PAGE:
I was talking to a friend of mine who I went to see 300 with the other night. Both of us haven't written a word in the past months and felt pretty guilty about it. But after seeing the movie, which I loved, I needed to write something. The story I started didn't have anything to do with ancient Greece or anything, but I had that itch. I pounded out over 1000 words yesterday and called my buddy. He had the same itch and did 1400 words.

Does this happen with everyone? Do you see a really great movie (or read a really great book or listen to a really great album) and feel the need to write?

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Oh yeah. Could be something from any medium. THE BIG LEBOWSKI seems to work for me. Also the album THE HOLY BIBLE by Manic Street Preachers. And here's a link with 300... any SIN CITY books tend to get me itching for the keyboard. It's hard to find an actual piece of lit that consistently inspires me to write. The medium is a bit too close to home, if you see what I mean. That's not to say I'm not reading all the time. But sometimes I'll read something and go "Ha, that's so shit! Maybe I can do it after all..."
I totally agree with you about books being too close to what I do. If a book is really bad, I feel down about the medium; but if the book is really good, I don't think I could come close to matching it. So, books only inspire in the long run, not immediately.
I started my first novel after reading Hemingway's "For Whom the Bell Tolls." It was in the sixties and I just got through voting for Elridge Cleaver for President. I was a young radical, ready to change the world with my prose.

The movie "Chinatown" put me back at the typewriter some years later. That film knocked me out, made me really want to write mysteries.

Sorry I'm such an old geezer and can't contribute something newer, but at least you can see you are right--works of art do inspire other artists, I think.
Come on. What Robert Townsend did in Chinatown was amazing. It should be taught in every writing class. A lot of people frown on using movies as examples in teaching writing, but a lot of those people are too snooty for my taste anyway.
Freudian slip, Steve. You meant Robert Towne. Robert Townsend wrote Hollywood Shuffle.
The only problem with using Chinatown is that (according to an article I read), it was a complete mess at first. Polanski and Towne wrote out the scenes and taped them around the wall of the room, and if I remember my trivia correct, the script was way way too long and didn't end anything like it ultimately did in the movie. They spent a while (I want to say 'weeks' but it might not have been that long) sorting out and rearranging the pieces until they finally had what ended up on the screen. I think it's a good one to use as a tool in a writing class as long as the teacher also emphasizes the editing aspect, the shitty-first-draft-to-the final stellar gold journey that story went on, because otherwise, first-time writers end up having an unrealistic expectation of what can be accomplished in first-draft.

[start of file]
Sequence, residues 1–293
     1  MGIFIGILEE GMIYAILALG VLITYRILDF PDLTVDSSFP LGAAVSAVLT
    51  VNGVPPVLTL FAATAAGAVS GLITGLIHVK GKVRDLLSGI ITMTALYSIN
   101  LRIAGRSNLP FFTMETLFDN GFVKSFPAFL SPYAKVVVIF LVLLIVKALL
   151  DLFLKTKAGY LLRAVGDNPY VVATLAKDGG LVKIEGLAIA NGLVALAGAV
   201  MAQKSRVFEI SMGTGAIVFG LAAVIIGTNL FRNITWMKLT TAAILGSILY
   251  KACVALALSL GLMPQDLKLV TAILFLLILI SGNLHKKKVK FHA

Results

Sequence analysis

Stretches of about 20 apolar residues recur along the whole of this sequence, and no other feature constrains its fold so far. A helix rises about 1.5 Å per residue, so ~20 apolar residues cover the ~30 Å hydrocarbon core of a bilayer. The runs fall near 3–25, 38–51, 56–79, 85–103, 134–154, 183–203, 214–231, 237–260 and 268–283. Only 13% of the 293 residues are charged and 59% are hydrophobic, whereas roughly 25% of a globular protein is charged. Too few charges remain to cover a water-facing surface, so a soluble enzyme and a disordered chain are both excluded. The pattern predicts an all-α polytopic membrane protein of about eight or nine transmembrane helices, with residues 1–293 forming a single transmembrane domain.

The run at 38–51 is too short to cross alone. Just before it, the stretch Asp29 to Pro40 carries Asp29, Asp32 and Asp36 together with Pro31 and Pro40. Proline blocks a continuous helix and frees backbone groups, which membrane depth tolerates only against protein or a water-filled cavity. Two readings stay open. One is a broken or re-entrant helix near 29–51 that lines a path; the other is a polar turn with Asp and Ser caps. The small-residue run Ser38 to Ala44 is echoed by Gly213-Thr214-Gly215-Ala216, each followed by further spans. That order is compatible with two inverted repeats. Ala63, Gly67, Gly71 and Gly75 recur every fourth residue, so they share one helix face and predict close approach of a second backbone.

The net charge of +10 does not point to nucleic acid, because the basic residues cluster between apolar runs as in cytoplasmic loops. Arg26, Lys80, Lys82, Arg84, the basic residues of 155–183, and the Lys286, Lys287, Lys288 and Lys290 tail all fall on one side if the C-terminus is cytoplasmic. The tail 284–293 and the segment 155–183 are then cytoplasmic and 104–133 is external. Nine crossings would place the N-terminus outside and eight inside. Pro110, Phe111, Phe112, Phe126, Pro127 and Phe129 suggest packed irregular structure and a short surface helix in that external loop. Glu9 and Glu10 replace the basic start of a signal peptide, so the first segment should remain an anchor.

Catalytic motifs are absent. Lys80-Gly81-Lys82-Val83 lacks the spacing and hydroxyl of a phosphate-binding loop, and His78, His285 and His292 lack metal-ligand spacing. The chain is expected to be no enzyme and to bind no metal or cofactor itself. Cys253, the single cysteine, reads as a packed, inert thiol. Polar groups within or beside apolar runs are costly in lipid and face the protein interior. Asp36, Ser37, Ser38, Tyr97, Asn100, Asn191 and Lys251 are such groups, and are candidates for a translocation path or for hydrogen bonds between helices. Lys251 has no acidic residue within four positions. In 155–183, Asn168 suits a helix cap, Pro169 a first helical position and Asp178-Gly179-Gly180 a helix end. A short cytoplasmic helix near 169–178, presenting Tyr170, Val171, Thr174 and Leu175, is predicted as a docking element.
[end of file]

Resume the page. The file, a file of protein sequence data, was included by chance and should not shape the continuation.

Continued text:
Um, I'm off topic, sorry.

Yes, seeing movies inspires the hell out of me. Great books, too, particularly if they're not in the genre I'm currently writing, because they're generally looking at the world differently and it forces me to think outside the box, or better yet, elminate the box.
No, I meant Robert Townsend's Chinatown. The one with Keenan Ivory Wayans. :)

Yeah, Polanski and Towne definitely clashed on that movie, especially the location of the ending. Chinatown, to Towne, was a metaphor, while Polanski believed they had to set the ending in Chinatown. But the screenplay that is published (as with most) is in synch with the film. I think a lot of movies, books, etc. were probably a mess at one time or another. Look at Casablanca or Tootsie.
Good movies actually provoke a physical reaction. I sometimes stop paying all attention to the movie and begin to think about a story. One I;m writing or something new. I've missed a lot of movies and episodes of The Wire because of this. I'm not really explaining it well. Does anyone else experience this?
And it certainly happens with a good book too but less dramatically cause I just put the book down.
See, the opposite happens to me in terms of writing. There are times when I overanalyze a book by looking at technique rather than being able to enjoy it. The same happens with films when I start to admire the editing or cinematography. Maybe artistic people are incapable of just enjoying a piece of art.
You should go on e-bay and find the issue of Scenario Magazine that has the Get Shorty screenplay in it. It is the ultimate example of minimalism in storytelling. Scott Frank is an extremely talented screenwriter.
Scott Frank must be a fan of Elmore Leonard's, too, because he used so much of the book. Many direct lines. Did you guys ever hear the story how Elmore wrote that book because he was pissed at Dustin Hoffman?
Another ridiculous pair of great tight screenplays to read: ALIEN by Dan O'Bannon (it's all haiku and "Bruen triplets") and the adaptation of William Hjortsberg's ANGEL HEART by Alan Parker (it's seriously like reading hard-boiled pulp in Final Draft).

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